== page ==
The dairyman took his horse and cart every morning to North Shields Railway Station to collect the churns of fresh milk
I was born in Chapel Street, Chirton, and I remember the shops at the bottom of Heaton Terrace. There was the Hadrian, Howes and then the dairy. You had to take a can to collect your milk and the dairyman measured out however much you asked for. You went every day because there wasn’t any way of keeping the milk fresh for longer – no fridges or freezers. The dairyman took his horse and cart every morning to North Shields Railway Station to collect the churns of fresh milk.
At the bottom of Wallsend Road, I remember little shops like Garretts, which sold newspapers. It was just a little hut really, next to the Robin Hood pub. I also remember Giles the butcher and Thompson Red Stamp Store. Sampson’s, towards Wallsend Road, was a very good greengrocer and on Front St Chirton, there was a cake shop, a pie shop, a chemist, post office as well as Hadrian, Duncan and the Co-op.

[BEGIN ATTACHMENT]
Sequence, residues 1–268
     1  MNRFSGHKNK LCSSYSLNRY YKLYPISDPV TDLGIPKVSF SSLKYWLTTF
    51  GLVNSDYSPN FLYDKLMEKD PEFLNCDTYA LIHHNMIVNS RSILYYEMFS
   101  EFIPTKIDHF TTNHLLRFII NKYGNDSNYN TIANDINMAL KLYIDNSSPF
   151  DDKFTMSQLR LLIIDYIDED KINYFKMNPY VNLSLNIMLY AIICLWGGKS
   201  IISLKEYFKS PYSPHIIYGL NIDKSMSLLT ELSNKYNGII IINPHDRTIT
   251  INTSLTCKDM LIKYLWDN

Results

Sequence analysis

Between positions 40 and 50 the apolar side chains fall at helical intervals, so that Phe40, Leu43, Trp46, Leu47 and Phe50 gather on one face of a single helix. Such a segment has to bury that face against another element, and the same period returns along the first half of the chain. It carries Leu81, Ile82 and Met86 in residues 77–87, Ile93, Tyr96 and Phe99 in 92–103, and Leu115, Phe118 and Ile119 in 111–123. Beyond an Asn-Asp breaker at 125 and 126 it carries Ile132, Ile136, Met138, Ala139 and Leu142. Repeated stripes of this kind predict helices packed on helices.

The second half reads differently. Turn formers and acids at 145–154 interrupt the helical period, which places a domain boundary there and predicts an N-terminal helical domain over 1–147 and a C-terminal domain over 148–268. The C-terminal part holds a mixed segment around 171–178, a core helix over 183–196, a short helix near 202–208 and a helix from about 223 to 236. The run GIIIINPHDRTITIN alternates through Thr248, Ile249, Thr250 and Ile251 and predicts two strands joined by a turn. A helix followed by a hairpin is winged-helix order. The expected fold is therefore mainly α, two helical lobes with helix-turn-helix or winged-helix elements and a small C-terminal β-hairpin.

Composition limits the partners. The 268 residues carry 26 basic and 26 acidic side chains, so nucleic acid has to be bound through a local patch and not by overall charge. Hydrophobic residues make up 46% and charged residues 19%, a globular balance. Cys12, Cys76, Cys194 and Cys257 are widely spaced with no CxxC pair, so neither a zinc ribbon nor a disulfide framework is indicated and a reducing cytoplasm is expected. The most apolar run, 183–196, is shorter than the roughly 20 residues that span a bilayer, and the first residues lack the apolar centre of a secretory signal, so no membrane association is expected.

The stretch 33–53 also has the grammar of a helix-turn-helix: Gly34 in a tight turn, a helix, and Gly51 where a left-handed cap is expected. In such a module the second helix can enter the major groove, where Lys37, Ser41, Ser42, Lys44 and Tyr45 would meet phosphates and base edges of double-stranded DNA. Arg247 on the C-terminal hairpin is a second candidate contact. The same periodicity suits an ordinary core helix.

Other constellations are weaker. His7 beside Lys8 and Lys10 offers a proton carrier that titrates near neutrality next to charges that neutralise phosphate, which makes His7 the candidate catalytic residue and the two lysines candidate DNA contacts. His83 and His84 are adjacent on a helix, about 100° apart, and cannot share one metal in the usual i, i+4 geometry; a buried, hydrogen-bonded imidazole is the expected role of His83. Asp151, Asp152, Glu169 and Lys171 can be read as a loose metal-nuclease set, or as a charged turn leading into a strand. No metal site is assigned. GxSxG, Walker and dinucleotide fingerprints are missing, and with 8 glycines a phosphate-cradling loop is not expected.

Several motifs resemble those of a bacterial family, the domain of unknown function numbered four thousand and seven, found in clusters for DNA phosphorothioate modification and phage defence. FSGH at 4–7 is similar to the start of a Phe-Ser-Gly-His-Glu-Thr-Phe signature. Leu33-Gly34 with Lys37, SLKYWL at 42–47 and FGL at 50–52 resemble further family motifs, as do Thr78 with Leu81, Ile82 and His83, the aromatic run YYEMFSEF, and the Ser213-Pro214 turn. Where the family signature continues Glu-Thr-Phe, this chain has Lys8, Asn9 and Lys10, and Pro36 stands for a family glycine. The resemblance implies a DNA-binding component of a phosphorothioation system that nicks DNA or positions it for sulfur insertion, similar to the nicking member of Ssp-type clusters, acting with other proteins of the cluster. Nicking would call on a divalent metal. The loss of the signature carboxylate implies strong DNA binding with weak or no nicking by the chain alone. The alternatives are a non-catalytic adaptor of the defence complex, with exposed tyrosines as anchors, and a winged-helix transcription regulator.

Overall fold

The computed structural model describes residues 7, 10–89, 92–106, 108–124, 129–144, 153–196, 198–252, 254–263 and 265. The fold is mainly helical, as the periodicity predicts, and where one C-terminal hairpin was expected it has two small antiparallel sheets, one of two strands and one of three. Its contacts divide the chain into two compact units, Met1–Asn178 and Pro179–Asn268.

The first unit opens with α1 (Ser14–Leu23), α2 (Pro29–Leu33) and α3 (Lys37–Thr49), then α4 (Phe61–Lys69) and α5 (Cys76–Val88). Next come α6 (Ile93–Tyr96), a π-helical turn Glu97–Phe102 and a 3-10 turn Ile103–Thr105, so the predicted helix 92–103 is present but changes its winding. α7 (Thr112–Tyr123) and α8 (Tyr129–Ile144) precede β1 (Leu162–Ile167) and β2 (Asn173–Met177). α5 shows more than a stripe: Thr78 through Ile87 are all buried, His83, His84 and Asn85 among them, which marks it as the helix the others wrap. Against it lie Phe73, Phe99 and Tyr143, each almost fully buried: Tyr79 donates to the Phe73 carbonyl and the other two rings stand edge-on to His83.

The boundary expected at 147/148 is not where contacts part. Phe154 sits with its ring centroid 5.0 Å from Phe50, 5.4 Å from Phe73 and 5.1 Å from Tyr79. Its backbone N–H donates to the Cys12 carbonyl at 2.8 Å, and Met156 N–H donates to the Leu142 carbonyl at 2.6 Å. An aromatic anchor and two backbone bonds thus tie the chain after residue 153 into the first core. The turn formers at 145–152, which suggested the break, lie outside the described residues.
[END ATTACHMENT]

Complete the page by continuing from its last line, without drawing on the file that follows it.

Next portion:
I have special memories of a haberdashery shop called Peggy Smith’s at Chirton. You could buy all sorts of things there, including buttons and clothes. I used to make kilts for her before I went off to college to take my City & Guilds qualification in dressmaking. I also worked for a tailor in West Percy Street called Arnold’s. He taught me how to draft patterns. I’ve always been a dressmaker and ended up with my own business.
Sally Barber, born 1933